What we in medicine understand but the non-physicians directing payment cuts do not, is that the cost of the physician is small compared with the cost of services ordered for patients. Diagnostic imaging stands as a good example. Nurse practitioners get absolutely no training either in interpretation or appropriate ordering of imaging exams. Nevertheless, in many environments, they are empowered to order these expensive tests. A physician who avoids one unnecessary CT scan or MRI scan a day has more than covered the difference between the physician pay and the non-physician practitioner pay for that day. And that is only imaging. The system must have experts directing diagnostic testing and treatment plans.
This was proved in findings from a study conducted at Hattiesburg Clinic. They have now defined the economic consequences of allowing inexpert NPPs to direct care. Unsupervised NPPs ordering tests and referrals were found to cost the clinic $10.4 million per year. It is important to recognize that the Hattiesburg Clinic is an accountable care-type organization. As such, unnecessary testing is an actual loss to the business. They were therefore motivated to track their costs and control them. We will not see a similar study coming from a fee-for-service hospital because there is no motivation to control over-ordering.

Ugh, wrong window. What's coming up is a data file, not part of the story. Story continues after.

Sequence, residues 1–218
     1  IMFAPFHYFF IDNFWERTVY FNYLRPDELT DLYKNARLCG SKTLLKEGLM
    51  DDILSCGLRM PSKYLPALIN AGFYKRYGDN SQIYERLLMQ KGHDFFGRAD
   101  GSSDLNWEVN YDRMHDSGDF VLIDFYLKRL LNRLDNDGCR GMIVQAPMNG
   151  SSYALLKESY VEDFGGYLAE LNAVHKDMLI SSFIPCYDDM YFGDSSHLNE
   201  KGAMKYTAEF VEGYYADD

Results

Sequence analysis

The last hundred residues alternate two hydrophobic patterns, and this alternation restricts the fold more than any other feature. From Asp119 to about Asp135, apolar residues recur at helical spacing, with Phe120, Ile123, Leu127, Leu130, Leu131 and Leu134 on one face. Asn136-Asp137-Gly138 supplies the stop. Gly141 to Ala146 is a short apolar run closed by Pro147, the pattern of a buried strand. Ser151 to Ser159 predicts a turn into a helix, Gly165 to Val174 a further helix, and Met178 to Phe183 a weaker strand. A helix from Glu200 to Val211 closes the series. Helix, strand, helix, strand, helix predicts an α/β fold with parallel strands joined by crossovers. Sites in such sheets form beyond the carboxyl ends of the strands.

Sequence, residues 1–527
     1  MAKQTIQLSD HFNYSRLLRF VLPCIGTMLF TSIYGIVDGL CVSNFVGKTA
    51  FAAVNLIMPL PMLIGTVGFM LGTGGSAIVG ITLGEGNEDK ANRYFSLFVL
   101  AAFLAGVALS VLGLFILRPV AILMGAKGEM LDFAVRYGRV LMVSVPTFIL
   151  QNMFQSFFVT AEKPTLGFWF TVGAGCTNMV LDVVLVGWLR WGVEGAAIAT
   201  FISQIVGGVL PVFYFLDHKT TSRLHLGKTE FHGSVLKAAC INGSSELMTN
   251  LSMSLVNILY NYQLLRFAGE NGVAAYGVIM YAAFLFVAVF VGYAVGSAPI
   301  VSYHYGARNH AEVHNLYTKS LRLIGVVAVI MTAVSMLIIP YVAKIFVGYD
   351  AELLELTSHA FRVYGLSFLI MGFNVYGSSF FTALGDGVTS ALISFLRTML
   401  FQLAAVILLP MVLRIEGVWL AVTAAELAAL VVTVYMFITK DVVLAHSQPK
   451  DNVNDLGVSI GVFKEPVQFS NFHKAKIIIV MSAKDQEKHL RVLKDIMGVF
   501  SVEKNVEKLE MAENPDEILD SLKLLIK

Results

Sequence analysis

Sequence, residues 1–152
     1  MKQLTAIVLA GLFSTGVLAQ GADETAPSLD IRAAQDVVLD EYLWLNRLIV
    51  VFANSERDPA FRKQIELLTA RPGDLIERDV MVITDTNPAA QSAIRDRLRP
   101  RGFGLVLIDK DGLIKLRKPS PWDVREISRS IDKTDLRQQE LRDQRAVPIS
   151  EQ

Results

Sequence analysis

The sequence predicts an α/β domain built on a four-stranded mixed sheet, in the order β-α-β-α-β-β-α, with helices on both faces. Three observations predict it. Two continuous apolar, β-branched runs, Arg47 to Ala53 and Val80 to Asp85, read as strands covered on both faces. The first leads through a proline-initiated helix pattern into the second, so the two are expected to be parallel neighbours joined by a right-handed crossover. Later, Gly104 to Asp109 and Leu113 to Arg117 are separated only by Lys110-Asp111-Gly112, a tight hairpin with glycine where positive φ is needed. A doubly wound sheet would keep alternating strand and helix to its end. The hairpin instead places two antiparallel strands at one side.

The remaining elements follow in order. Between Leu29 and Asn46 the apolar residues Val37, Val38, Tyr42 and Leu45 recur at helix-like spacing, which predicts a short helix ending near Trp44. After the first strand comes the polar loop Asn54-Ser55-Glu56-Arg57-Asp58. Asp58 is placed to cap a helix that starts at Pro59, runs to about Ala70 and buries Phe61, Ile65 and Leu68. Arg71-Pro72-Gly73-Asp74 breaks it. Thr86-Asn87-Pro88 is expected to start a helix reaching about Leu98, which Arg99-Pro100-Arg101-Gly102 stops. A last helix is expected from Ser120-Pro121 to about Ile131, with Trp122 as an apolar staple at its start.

The Hattiesburg experience recapitulates the findings of a Mayo Clinic paper. NPPs were empowered to request specialty consultations and 59% of such consultations were found to be unnecessary: a waste of time and money.
None of this is surprising to those who work in the system. We know those who are untrained cannot be expected to order tests and consultations correctly. We know they have not been trained to construct a differential diagnosis. Without that training, it is impossible to design testing and treatment plans.
If not through physician reimbursement, where can economies be found?